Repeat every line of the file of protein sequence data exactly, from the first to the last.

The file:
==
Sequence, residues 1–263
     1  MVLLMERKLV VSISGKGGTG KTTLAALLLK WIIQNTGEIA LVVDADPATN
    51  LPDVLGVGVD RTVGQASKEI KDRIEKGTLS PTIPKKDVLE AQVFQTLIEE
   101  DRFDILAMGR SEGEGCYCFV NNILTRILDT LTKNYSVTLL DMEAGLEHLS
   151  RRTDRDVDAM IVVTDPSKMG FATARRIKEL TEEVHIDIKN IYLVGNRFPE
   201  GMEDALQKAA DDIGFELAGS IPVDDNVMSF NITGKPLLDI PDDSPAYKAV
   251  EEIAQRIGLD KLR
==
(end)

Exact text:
Sequence, residues 1–263
     1  MVLLMERKLV VSISGKGGTG KTTLAALLLK WIIQNTGEIA LVVDADPATN
    51  LPDVLGVGVD RTVGQASKEI KDRIEKGTLS PTIPKKDVLE AQVFQTLIEE
   101  DRFDILAMGR SEGEGCYCFV NNILTRILDT LTKNYSVTLL DMEAGLEHLS
   151  RRTDRDVDAM IVVTDPSKMG FATARRIKEL TEEVHIDIKN IYLVGNRFPE
   201  GMEDALQKAA DDIGFELAGS IPVDDNVMSF NITGKPLLDI PDDSPAYKAV
   251  EEIAQRIGLD KLR